Title:
System design and cooling method for LP steam turbines using last stage hybrid bucket
Kind Code:
A1


Abstract:
A steam turbine system for use in conjunction with hybrid last stage(s) LP buckets. The system is adapted to cool the bucket tip region during low VAN windage conditions whereby the beneficial design and efficiency outcomes of the use of hybrid blades can be realized.



Inventors:
Burdgick, Steven Sebastian (Schenectady, NY, US)
Lanaud, Christophe (Delanson, NY, US)
Finnigan, Peter Michael (Clifton Park, NY, US)
Lin, Wendy Wen-ling (Niskayuna, NY, US)
Application Number:
11/452403
Publication Date:
12/20/2007
Filing Date:
06/14/2006
Assignee:
GENERAL ELECTRIC COMPANY (Schenectady, NY, US)
Primary Class:
International Classes:
F01D25/32
View Patent Images:
Related US Applications:



Primary Examiner:
EDGAR, RICHARD A
Attorney, Agent or Firm:
NIXON & VANDERHYE, P.C. (ARLINGTON, VA, US)
Claims:
What is claimed is:

1. An axial flow steam turbine including: a rotor; a last stage including a diaphragm comprising an inner ring, an outer ring, and a plurality of nozzles extending therebetween, and a row of buckets secured to said rotor downstream of said diaphragm for rotation with respect to said last stage diaphragm; and at least one injection assembly for injecting cooling media toward a vicinity of said last stage.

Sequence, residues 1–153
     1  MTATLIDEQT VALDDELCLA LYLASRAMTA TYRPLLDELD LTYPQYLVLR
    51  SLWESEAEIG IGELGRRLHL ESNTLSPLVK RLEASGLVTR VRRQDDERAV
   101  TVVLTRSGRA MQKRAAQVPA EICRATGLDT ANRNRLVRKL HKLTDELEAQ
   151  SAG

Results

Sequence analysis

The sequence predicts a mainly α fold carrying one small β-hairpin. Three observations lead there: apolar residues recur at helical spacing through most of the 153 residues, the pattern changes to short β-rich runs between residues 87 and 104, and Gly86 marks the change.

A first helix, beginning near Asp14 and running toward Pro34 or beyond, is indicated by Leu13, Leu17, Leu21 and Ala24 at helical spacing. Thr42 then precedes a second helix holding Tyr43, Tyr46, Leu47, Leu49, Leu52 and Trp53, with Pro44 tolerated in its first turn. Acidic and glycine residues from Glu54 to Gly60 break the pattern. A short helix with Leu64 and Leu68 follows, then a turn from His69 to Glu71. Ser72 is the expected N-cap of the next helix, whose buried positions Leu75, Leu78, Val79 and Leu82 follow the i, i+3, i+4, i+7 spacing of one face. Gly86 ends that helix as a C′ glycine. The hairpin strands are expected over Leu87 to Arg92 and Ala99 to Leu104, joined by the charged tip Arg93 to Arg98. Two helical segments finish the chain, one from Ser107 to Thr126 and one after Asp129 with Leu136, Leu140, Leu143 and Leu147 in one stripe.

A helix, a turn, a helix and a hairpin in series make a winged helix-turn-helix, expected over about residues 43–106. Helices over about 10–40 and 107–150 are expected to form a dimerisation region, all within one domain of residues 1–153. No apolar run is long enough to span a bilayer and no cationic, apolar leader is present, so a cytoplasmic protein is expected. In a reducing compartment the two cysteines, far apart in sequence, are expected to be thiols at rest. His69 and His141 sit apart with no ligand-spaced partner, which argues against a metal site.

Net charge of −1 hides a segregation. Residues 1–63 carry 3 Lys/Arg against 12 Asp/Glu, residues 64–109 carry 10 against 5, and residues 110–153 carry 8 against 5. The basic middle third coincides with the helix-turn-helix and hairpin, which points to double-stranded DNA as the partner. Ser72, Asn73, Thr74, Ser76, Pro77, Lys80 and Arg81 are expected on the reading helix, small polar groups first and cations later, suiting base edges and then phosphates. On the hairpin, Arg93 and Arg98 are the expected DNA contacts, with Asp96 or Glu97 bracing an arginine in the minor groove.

2. An axial flow steam turbine as in claim 1, wherein the injection assembly comprises water sprays in an exhaust area downstream of the last stage buckets.

3. An axial flow steam turbine as in claim 1, wherein said injection assembly comprises a steam or water injection cavity defined in said outer ring and a steam or water injection opening directed towards said nozzles of said diaphragm.

4. An axial flow steam turbine as in claim 3, wherein said injection opening is disposed upstream of the nozzles with respect to a steam flow path through the last stage.

5. An axial flow steam turbine as in claim 3, wherein the injection cavity is downstream of the nozzles with respect to a steam flow path through the last stage.

6. An axial flow steam turbine as in claim 1, comprising a moisture extraction assembly for extracting moisture from a steam flow path through the last stage, downstream of the nozzles and upstream of the buckets with respect to said steam flow path.

7. An axial flow steam turbine as in claim 6, wherein moisture extraction assembly comprises a moisture extraction cavity defined in said outer ring and a moisture extraction groove having an opening having a scoop directed towards said nozzles of said diaphragm.

8. An axial flow steam turbine as in claim 1, wherein at least one said bucket comprises a) a shank portion; and b) an airfoil portion having an operating temperature range, a design rotational speed, a blade root attached to said shank portion, a blade tip, and a radial axis extending outward toward said blade tip and inward toward said blade root, and wherein said airfoil portion also includes: (1) a metallic section consisting essentially of metal and having a first mass density, wherein said metallic section radially extends from generally said blade root to generally said blade tip; and (2) at least one fiber composite section, having a second mass density less than said first mass density.

9. An axial flow steam turbine as in claim 8, wherein said metallic section and said at least one fiber composite section together define a generally airfoil shape at said design rotational speed.

10. An axial flow steam turbine as in claim 8, wherein said fiber composite section is disposed in a pocket defined in a pressure side of said metallic section.